“Indoors, there is a lack of humidity,” said Mr. Vega. “Most indoor environments have like 10 percent humidity, whereas most plants including citrus trees that thrive in the outdoors need closer to 50 percent humidity and above.”
“So Bill needs to increase the humidity in his solarium?” I asked. “Like, with a humidifier?”
But the answer wasn’t that easy. “There are lots of ways to increase indoor humidity, but the question is, would you want to?” Mr. Vega said. “You could bring on a whole host of things you don’t want to encourage in an indoor environment: mold, mildew, paint peeling,” he said.
One way to increase the humidity level without damaging an indoor environment is with a humidity tray.
Above: A Polished Marble Humidity Tray is $128 from Terrain.
“You know those little saucers you put under potted plants to catch the runoff water?” Mr. Vega said. “Fill a little tray with pebbles and leave the runoff water in there. As the water slowly evaporates, it will raise the humidity enough to improve conditions for the plant.”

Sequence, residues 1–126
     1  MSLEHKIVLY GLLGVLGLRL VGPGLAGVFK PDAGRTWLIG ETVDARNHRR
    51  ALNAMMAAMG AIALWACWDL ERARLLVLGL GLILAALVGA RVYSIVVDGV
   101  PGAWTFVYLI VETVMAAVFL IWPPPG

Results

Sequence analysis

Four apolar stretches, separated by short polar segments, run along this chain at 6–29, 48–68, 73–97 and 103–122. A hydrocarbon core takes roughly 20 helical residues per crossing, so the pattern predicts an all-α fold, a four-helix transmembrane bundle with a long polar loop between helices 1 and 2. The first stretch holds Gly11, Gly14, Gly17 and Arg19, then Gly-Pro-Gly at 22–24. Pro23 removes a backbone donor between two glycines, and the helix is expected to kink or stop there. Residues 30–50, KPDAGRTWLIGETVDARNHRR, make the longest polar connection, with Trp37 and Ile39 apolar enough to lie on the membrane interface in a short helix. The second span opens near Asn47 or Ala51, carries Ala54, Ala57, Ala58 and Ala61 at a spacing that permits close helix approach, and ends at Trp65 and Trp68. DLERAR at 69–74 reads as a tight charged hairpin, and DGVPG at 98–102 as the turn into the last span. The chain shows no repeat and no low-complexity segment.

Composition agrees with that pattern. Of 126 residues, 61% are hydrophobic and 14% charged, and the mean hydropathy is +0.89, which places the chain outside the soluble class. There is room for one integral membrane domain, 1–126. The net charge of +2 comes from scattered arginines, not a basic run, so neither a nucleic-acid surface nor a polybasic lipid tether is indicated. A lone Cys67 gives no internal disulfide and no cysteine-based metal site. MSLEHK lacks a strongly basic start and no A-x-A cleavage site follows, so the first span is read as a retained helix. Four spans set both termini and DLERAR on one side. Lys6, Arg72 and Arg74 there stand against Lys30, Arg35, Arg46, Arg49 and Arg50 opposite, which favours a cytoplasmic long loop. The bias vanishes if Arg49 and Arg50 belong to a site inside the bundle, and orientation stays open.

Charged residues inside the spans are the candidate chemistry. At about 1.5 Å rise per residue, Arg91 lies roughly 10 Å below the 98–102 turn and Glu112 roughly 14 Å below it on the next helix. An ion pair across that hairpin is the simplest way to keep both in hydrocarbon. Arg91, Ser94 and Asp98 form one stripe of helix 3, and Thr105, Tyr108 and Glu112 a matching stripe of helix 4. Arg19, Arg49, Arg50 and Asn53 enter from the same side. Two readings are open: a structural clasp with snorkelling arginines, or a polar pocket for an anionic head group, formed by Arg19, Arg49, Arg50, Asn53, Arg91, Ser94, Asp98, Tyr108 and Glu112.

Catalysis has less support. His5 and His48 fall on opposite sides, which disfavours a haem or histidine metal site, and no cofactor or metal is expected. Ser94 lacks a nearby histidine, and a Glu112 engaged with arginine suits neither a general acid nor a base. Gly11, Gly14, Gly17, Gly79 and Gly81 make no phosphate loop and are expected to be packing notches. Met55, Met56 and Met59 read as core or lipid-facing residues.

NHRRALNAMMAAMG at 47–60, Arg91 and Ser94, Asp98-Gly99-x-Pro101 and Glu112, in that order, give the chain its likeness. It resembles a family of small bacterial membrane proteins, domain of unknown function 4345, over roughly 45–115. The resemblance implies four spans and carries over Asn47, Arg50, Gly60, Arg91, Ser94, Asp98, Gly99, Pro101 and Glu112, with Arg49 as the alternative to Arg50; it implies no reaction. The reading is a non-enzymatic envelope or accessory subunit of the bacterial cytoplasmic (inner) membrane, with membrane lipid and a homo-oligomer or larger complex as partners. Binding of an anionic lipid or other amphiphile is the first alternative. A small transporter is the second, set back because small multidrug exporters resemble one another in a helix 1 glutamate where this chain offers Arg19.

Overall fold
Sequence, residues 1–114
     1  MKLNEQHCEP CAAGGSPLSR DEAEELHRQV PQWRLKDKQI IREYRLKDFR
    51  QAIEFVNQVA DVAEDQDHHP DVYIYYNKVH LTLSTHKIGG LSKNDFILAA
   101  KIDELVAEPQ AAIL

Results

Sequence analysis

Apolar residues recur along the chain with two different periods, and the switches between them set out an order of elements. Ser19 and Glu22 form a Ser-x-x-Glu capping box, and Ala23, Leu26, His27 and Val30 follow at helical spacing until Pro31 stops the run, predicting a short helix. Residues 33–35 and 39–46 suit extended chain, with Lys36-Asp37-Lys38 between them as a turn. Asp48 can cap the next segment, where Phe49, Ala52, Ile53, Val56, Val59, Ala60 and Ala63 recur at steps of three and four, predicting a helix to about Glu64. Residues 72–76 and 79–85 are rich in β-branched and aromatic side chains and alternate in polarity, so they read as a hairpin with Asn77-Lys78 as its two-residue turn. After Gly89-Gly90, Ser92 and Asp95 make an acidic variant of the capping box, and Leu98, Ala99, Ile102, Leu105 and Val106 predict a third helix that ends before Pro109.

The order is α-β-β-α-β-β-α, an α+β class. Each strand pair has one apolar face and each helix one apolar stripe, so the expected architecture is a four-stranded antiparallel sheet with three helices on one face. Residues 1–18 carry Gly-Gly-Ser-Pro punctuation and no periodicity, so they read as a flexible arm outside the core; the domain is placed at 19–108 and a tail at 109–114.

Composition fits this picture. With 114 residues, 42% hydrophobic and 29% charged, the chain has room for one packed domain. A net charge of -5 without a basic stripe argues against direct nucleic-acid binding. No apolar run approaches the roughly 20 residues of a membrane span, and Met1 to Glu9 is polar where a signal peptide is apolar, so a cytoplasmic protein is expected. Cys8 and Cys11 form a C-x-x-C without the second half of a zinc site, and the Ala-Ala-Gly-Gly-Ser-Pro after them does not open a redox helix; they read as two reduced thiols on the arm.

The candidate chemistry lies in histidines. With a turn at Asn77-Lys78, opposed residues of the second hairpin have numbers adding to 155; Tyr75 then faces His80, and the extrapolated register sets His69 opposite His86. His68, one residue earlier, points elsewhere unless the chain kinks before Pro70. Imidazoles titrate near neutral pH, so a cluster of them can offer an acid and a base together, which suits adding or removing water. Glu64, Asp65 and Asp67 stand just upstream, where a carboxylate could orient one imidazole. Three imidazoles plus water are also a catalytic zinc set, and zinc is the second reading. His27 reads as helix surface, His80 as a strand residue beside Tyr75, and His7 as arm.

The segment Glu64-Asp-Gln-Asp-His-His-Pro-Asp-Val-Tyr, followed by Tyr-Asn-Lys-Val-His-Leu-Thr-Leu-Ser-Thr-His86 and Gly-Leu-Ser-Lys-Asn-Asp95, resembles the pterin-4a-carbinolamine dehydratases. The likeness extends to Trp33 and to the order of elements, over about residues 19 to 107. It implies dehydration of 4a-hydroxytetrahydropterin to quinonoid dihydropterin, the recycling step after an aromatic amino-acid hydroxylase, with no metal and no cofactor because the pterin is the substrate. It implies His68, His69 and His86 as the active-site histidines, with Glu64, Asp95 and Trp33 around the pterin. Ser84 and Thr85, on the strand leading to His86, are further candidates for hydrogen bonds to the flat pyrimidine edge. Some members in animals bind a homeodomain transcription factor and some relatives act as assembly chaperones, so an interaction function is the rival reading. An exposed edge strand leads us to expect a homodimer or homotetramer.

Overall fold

An even better solution, though, would be for Bill to move his trees outdoors in warm weather because the air indoors gets stale. To make it easier to move large potted plants, put them on wheels with one of our favorite Rolling Plant Stands.
Secret No. 2: Air Movement.
“Buildings tend to be airtight, particularly newer buildings. In them, the air becomes quite stagnant,” said Mr. Vega. “You have plenty of air movement outdoors, which is good for plants. So move your citrus trees outdoors when you can.”
Best careful, though, not to overdo it on the first day of spring. “A plant that has been indoors all winter is like a fair-skinned person. Too much sun exposure too fast and it will get sunburn,” said Mr. Vega. “Move it to sunnier locations gradually and for shorter periods at first, as it puts out new leaves.”
If you have no outdoor space, open doors or at least a window in warm weather to improve air circulation for citrus trees.
Above: Bill’s dwarf mandarin trees had brittle, curling leaves. Photograph by Michelle Slatalla.
Secret No. 3: Plenty of Water.